At Womanist House, located at 44 Brainerd Avenue, nine Wesleyan students are dedicated to learning and teaching the principles of the 1980s womanism movement. Although the movement has been around for decades, very few people have even heard of the term “womanism,” let alone know how it has developed over the past few decades.
“What surprises me the most about living in Womanist House is that almost no one outside of the house has heard of womanism,” said Monica Vitti ’12, a resident of Womanist House. “Almost all of our applicants for next year seem to have looked it up on Google, though, which is a start. I’m glad that living here gives me a chance to talk about it. People ask, ‘So, where are you living this year?’ as an ice breaker, and it usually gives me the chance to explain a little bit about Womanism. People seem to genuinely care.”
The term “womanist” was first coined by Pulitzer Prize-winning novelist Alice Walker in her book “In Search of Our Mothers’ Gardens: Womanist Prose.” This 1983 publication was a collection of essays, speeches, articles, and reviews the author wrote based on her womanist theory.
“Womanism is different from feminism,” explained House Manager Marie-Eve Augier ’11. “Womanism is more of a movement about giving voice to people, as opposed to what feminism used to be, which was about being opposed to a male-oriented world. It started as a Woman of Color movement and expanded to include not only women of color, but also women outside of the lower classes who did not feel that they were involved or part of the feminist movement.”
One of the primary ways Womanists differentiate themselves from feminists is their concern about men’s rights and their willingness to include men’s rights within their advocacy issues.
“Most people don’t know that men are allowed to live in Womanist House,” said Cory Meara-Bainbridge ’13, another resident of Womanist House. “Some men don’t even think they are allowed in. I have had multiple male friends who say, upon being invited over, ‘Can I go in there?’ Womanist House is for anyone who is dedicated to women’s issues, and male allies are extremely important.”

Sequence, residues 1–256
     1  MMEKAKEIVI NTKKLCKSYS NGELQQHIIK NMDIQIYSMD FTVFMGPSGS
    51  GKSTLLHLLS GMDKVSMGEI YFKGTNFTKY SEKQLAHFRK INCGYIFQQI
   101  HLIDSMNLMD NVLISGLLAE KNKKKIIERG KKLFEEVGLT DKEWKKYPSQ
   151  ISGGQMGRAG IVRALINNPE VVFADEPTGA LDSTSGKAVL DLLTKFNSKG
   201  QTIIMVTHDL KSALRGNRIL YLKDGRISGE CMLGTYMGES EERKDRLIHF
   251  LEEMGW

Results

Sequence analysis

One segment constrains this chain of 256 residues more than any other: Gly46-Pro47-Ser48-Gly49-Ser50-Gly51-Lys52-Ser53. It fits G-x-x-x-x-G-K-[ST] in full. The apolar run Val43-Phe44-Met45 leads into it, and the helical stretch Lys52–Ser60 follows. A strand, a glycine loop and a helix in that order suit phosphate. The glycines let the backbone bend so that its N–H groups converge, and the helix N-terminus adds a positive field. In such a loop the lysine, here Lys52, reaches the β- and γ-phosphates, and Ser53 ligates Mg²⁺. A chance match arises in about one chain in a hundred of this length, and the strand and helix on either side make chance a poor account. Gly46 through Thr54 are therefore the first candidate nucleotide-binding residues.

Although they’re all interested in womanism, members of the house do not necessarily focus their studies around these issues. They are an eclectic group of women who bring different perspectives to the table, which makes living in the house an interesting and diverse experience.
“Some of us take courses in the gender studies department, but a lot of us have very different majors,” Augier explained. “I am a math/econ major, and another member is a psychology major. Nobody does any one thing.”
Womanist House sponsors many events during the course of the year, and they often work in collaboration with other houses and organizations on campus.
“We usually host cupcakes and mocktails with Women of Color House,” Augier said. “There was a talk with our House Advisor Sonia Manjon, who is the Chief Diversity Officer on campus. We also had a talk with DKE about gender stereotypes on campus, which went really well. We’ve done activities with Community Service House delivering packages to women’s shelters in the area. We even helped sponsor a guest poet for WeSlam last semester.”
In addition to activities and sponsored events, the house is hoping to expand campus awareness about the movement. To this end, they are hosting information sessions for students. They also have a community outreach aspect to their mission.
“Later in the semester, we are planning to have a fifth grade girls opportunity group over for the day,” Augier said. “They are underprivileged young girls who might not necessarily see college as a tangible aspiration, and we basically talk to them about the process of applying and going to college. We try to let them know that college is an option that they can aspire to.”
Perhaps the most important qualification for an applicant to Womanist House is showing interest in exploring the issues involved with womanism and the possession of an open mind. The members of the house are all open to talking to anyone who expresses interest in the movement.
“People think that, to live here, they have to fully identify with the womanist movement, and that’s not necessarily true,” Augier said. “The same thing goes for the events that we have. They’re not just for women, or for people who identify with womanism; they’re for everyone who cares about the issues that we are trying to raise awareness for and promote.”